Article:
Published by KMEC Books. Edited by Todd Bradway and Karen Marta. Text by David Norr.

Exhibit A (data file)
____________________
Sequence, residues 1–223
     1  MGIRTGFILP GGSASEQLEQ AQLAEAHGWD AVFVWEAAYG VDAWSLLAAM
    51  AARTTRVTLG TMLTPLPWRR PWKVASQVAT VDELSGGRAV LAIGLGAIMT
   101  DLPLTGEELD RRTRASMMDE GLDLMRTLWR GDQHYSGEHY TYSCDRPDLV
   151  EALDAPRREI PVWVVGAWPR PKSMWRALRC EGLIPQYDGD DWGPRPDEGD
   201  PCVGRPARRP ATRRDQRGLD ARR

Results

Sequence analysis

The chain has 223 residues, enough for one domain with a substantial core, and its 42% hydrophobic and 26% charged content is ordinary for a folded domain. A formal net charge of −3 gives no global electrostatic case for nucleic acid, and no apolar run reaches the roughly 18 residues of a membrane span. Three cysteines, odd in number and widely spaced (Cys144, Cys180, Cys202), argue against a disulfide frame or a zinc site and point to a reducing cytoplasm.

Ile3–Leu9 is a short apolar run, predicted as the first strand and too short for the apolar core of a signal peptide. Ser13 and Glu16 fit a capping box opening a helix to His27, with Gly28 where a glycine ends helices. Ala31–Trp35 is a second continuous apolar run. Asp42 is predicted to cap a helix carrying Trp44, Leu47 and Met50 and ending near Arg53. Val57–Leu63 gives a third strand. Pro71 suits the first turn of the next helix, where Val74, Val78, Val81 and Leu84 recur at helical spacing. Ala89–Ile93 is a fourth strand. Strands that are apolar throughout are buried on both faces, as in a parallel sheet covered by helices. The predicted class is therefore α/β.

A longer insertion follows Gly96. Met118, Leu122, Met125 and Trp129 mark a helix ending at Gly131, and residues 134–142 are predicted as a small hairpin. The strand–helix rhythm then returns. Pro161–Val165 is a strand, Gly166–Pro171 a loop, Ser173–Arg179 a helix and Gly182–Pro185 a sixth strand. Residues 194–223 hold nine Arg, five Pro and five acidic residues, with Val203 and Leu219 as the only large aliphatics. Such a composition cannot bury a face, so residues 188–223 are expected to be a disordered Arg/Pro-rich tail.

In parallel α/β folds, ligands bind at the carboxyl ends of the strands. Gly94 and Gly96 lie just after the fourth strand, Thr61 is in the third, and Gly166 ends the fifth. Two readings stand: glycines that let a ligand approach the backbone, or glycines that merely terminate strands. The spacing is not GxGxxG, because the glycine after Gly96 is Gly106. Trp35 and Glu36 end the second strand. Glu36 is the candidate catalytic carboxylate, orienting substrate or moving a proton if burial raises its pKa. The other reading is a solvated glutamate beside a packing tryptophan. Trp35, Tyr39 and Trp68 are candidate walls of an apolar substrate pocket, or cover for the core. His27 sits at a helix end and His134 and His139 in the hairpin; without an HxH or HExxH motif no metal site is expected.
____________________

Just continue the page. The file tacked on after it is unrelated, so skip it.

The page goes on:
New York- and Florida-based artist Roger Clay Palmer (born 1947) has been painting, drawing, and writing for over 50 years. Inspired by the Southern oral tradition of his youth, his experiences in the army as a conscientious objector during the Vietnam War and Japanese haiga and Zenga, Palmer blends word and image, anticipating artists like Raymond Pettibon and David Shrigley, to a darkly humorous, sometimes difficult effect. Palmer’s witty, grisly animals, figures and cityscapes are paired with phrases like “a lightning storm while buried with your cat” or “there was a time of day when the bulls and I got real bad ideas at exactly the same time.” Together they reveal, in the artist’s words, the “anger, rage, longing, sadness, courage and grace” in American culture. With a focus on recent work, Roger Clay Palmer brings together 60 exemplary paintings on paper and organizes them thematically, with sections focused on his depictions of animals, eyes, landscapes and war. Including an essay by curator David Norr, this long-overdue monograph is an invitation into Palmer’s intense and unruly world, full of idiosyncratic insight and biting wisdom.